I have a little game written in C#. It uses a database as back-end. It's a Trading Card Game, and I wanted to implement the function of the cards as Script.

What I mean is that I essentially have an Interface ICard which the Card implements (public class Card056 : ICard) and which contains function that are called by the game.

Now, to make the thing maintainable/moddable, I would like to have the Class for each card as source code in the database and essentially compile it on first use. So when I have to add/change a card, I'll just add it to the database and tell my application to refresh, without needing any Assembly-Deployment (especially since we would be talking about 1 assembly per card which means hundreds of assemblies).

Does anyone know if that is possible? Register a class from a source file and then instantiate it etc.

ICard Cards[current] = new MyGame.CardLibrary.Card056();
Cards[current].OnEnterPlay(ref currentGameState);

The language is C#, but extra Bonus if it's possible to write the script in any .NET language.


Hmm. I'm not savvy enough with .NET/C# to answer your question as is. However, what kind of things did you want to be modifiable? Because you could just define a little toy language for those things and parse/act upon that code yourself.

+1  A: 

Yes, I thought about that, but I soon figured out that another Domain-Specific-Language (DSL) would be a bit too much.

Essentially, they need to interact with my Gamestate in possibly unpredictable ways. For example, a card could have a rule "When this cards enter play, all your Undead Minions gain +3 Attack against flying enemies, except when the enemy is blessed". As Trading Card Games are turn based, the GameState Manager will fire OnStageX Events and let the cards modify other cards or the GameState in whatever way the Card needs.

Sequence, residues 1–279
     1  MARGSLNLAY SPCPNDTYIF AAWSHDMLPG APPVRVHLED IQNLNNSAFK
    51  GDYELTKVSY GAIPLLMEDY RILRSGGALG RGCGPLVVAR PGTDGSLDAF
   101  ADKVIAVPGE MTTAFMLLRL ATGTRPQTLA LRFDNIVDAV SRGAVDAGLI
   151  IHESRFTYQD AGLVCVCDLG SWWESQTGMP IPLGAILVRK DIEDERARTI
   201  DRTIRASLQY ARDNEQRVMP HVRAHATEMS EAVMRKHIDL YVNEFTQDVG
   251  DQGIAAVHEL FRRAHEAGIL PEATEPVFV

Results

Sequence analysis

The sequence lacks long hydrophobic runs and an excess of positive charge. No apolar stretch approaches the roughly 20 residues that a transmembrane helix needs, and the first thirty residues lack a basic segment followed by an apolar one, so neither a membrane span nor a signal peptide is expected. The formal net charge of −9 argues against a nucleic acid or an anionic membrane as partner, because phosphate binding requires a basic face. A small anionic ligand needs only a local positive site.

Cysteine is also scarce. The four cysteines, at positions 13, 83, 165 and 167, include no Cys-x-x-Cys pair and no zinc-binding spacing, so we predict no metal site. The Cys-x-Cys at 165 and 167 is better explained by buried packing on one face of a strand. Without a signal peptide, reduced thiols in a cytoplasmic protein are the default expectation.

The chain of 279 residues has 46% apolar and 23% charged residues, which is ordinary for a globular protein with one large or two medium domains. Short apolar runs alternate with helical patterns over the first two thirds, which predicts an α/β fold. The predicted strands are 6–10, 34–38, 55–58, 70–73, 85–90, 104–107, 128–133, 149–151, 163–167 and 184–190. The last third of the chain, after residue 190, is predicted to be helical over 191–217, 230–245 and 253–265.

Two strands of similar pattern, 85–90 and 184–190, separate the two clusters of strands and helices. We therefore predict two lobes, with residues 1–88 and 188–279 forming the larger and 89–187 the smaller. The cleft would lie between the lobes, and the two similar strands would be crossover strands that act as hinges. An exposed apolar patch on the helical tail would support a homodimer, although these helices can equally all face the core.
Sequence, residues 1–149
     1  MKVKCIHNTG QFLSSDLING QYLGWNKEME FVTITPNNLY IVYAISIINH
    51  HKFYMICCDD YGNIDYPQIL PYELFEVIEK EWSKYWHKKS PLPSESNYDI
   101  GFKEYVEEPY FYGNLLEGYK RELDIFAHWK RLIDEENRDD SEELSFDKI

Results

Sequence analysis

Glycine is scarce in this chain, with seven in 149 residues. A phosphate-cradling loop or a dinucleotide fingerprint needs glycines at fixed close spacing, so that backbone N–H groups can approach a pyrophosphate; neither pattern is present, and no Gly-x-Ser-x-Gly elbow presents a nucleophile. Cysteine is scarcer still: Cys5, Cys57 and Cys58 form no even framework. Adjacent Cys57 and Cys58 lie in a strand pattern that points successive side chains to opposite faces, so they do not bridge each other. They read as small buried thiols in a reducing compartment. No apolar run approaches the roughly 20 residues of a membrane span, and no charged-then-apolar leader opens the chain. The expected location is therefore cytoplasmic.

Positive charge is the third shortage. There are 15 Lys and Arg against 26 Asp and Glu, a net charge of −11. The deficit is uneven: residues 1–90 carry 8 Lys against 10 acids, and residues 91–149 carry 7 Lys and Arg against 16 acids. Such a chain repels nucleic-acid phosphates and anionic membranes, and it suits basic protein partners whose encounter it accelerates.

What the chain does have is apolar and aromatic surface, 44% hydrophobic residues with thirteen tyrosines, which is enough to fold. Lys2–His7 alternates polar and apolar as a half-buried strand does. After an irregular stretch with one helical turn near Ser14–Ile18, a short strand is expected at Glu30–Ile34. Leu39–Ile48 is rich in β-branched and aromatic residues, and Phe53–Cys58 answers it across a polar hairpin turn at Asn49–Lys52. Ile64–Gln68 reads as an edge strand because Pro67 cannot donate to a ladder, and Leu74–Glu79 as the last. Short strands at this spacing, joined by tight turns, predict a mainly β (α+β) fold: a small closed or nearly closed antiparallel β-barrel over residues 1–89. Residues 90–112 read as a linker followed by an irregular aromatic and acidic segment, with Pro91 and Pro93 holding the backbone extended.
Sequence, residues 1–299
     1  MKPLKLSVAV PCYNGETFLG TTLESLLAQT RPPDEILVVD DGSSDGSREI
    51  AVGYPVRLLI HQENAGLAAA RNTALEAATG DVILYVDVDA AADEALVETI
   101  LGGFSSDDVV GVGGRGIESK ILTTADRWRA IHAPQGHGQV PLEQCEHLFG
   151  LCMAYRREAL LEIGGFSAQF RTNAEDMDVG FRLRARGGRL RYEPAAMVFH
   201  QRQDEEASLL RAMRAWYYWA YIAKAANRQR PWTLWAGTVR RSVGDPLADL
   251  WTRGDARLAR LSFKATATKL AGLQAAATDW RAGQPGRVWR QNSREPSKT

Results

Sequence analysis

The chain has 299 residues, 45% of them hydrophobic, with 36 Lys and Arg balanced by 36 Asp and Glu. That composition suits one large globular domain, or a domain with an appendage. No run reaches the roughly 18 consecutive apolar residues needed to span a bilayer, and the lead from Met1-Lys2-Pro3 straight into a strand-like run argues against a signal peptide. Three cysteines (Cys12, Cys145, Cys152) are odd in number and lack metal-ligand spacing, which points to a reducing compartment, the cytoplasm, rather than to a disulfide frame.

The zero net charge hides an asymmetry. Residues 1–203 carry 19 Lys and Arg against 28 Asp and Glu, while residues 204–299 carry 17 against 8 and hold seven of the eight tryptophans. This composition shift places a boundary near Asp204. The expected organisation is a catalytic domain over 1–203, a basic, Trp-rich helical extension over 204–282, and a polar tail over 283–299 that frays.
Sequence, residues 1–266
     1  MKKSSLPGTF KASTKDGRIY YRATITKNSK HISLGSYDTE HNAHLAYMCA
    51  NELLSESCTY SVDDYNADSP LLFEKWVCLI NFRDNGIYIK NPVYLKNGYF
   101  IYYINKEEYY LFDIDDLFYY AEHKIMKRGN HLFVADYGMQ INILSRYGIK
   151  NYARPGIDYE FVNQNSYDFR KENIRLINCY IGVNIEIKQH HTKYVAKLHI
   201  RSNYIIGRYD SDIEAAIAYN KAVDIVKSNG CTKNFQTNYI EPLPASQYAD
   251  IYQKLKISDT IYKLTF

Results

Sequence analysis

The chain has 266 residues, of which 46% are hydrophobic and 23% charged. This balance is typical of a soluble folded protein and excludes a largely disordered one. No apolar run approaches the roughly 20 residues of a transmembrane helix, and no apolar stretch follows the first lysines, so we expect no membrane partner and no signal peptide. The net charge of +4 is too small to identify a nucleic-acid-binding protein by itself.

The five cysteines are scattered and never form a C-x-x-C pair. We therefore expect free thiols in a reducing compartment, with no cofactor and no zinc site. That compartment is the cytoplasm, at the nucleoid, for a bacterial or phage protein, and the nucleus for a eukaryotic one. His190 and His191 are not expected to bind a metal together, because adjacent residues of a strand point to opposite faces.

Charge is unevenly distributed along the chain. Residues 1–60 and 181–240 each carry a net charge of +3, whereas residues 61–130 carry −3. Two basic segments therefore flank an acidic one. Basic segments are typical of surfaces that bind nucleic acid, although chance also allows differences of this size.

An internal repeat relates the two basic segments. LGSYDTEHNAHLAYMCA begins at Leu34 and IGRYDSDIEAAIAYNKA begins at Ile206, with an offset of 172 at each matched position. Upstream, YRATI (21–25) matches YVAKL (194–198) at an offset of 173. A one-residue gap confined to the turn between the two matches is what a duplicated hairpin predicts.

If I try to create a DSL, I have to implement a rather large feature set and possibly constantly update it, which shifts the maintenance work to another part without actually removing it.

That's why I wanted to stay with a "real" .net Language to essentially be able to just fire the Event and let the Card manipulate the Gamestate in whatever way (within the Limits of the Code Access Security).

Michael Stum
+3  A: 

I didn't try it, but I did see an article on Code Project that implements C# scripting in a .NET application.

+8  A: 

Oleg Shilo's C# Script solution (at The Code Project) really is a great introduction to providing script abilities in your application.

A different approach would be to consider a language that is specifically built for scripting, such as IronRuby, IronPython, or Lua.

IronPython and IronRuby are both available today.

For a guide to embedding IronPython read How to embed IronPython script support in your existing app in 10 easy steps.

Lua is a scripting language commonly used in games. There is a Lua compiler for .NET, available from CodePlex --

That codebase is a great read if you want to learn about building a compiler in .NET.

A different angle altogether is to try PowerShell. There are numerous examples of embedding PowerShell into an application -- here's a thorough project on the topic: Powershell Tunnel